RIPLEY: That's absolutely right. Because what it indicates to aviation experts is that perhaps the pilots thought whatever issue was taking place and it does -- when you look at things like an erratic change in altitude direction and speed, aviation experts say that points them to speculate that there was some sort of an equipment failure, but what piece of equipment.

Was it related to the technical issue that was reported on this plane the night before that Lion Air says was repaired, the flight passed off pre-flight inspections. It was deemed airworthy. Or was this something else, something unexpected that took the crew by surprise.

Those are things that they will not know until they are able to analyze the data, both recorded, you know, from the plane's instruments itself, but also listening to the captain and his copilot in the cockpit who are undoubtedly as all pilots and copilots do every day.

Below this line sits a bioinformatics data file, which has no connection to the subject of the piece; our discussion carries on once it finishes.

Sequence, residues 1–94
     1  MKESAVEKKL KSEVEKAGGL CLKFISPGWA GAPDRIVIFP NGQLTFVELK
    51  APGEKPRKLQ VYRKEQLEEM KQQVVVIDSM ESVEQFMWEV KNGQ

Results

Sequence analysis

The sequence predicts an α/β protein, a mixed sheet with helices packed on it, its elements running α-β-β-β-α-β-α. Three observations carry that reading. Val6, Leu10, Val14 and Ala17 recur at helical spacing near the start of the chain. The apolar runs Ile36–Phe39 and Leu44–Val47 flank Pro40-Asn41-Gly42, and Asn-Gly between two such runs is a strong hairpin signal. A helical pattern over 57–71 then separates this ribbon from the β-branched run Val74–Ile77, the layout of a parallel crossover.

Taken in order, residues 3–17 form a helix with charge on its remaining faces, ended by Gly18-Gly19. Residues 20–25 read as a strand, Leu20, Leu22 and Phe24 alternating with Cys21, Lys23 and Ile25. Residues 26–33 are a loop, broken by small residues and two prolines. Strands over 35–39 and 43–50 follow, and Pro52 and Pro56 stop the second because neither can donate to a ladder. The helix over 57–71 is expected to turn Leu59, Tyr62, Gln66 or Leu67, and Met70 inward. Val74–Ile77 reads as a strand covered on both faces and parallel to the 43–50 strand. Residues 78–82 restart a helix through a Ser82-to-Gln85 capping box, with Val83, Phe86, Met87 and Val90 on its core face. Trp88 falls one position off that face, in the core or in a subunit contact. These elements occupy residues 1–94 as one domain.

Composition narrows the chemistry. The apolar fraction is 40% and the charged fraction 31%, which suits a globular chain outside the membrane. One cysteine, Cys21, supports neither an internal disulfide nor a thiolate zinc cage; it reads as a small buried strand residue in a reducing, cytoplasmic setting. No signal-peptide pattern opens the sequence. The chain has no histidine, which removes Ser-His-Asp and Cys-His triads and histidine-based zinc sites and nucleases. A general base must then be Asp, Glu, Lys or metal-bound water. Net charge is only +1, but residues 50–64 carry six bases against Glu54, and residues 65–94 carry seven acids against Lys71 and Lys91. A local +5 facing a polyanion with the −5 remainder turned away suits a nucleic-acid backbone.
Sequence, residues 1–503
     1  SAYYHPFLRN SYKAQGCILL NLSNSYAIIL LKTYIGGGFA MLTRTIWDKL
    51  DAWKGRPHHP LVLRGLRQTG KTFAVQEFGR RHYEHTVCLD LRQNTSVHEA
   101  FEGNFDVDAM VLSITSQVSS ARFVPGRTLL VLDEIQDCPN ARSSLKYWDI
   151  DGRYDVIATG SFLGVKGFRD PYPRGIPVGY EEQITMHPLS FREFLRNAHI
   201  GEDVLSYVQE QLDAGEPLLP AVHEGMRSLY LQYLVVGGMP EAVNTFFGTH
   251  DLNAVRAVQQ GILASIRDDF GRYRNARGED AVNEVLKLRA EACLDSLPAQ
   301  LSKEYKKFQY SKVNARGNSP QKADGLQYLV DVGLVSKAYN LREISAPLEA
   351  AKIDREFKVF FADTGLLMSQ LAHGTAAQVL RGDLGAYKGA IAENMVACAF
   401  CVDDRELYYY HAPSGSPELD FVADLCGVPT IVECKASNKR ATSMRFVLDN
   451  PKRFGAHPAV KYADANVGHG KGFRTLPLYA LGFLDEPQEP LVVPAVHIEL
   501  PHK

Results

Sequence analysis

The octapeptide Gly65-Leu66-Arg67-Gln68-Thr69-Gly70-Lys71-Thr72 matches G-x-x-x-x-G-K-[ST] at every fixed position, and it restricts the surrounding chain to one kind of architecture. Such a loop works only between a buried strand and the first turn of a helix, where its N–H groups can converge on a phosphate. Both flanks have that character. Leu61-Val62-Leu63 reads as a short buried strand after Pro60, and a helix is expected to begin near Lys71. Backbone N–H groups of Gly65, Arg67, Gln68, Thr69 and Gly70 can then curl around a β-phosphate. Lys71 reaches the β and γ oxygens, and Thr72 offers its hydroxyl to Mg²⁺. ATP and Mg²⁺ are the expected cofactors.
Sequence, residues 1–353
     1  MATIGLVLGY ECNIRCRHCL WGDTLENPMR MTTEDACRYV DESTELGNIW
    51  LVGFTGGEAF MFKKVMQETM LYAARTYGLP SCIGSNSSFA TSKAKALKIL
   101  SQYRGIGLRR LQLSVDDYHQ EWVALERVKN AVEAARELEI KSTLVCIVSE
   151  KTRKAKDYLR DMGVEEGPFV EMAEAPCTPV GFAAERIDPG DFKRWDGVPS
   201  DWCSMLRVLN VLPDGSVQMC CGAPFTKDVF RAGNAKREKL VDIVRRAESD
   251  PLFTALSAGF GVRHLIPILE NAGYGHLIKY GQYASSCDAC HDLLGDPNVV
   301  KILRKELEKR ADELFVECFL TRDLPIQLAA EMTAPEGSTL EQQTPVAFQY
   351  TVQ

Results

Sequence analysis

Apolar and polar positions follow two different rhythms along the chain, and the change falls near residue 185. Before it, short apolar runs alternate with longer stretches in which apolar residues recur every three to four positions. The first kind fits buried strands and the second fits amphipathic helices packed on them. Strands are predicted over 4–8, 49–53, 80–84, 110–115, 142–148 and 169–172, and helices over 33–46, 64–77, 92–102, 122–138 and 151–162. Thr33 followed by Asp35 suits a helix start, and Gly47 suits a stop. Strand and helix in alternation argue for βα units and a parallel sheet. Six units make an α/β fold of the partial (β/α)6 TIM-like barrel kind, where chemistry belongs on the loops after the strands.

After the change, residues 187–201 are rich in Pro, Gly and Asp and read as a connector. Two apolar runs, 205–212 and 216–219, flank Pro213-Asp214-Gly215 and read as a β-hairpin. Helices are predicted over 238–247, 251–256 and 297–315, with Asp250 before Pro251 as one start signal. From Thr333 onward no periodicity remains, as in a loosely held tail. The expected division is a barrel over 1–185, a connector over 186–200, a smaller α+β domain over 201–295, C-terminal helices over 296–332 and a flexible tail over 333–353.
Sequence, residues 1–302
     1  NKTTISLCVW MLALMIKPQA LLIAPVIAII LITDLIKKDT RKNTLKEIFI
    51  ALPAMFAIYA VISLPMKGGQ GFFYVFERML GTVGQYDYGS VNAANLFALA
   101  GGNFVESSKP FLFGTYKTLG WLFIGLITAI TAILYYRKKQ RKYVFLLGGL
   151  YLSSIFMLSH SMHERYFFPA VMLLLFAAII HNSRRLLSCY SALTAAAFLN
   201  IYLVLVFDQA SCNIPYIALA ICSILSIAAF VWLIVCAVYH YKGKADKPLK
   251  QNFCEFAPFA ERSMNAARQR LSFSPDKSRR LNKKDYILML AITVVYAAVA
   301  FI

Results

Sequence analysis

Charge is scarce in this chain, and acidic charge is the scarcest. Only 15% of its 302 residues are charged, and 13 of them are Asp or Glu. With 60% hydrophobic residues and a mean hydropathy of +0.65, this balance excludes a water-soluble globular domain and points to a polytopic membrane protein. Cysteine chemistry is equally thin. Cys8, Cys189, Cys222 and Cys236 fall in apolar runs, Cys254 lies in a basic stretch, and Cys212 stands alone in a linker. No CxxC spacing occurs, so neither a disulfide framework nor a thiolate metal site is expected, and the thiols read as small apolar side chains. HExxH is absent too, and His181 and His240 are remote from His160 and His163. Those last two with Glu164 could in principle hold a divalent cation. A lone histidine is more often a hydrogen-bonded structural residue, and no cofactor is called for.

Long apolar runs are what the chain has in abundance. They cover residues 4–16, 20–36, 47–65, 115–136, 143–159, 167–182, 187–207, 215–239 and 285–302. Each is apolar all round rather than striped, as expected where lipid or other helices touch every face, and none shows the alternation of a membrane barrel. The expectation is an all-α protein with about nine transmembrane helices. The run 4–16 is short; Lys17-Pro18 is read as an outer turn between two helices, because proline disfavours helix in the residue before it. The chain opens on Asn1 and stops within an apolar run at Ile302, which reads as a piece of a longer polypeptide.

You know their number one priority is to get that plane and get everybody on board to their destination safely. And 99.9 percent of the time it happens it obviously didn't happen in this case.

It is heartbreaking, Rosemary, to see these family members looking through the pile of clothing. If you think about the fact you know if somebody's favorite shirt or the little pink slippers that were undoubtedly for one of the children. There was a child, two infants on board the plane.

To think that people are looking through and they see items that that belong to the people who they love who are now lost somewhere underneath the Java Sea. It is truly as is with every plane crash we covered just heartbreaking to think about what they're going through right now.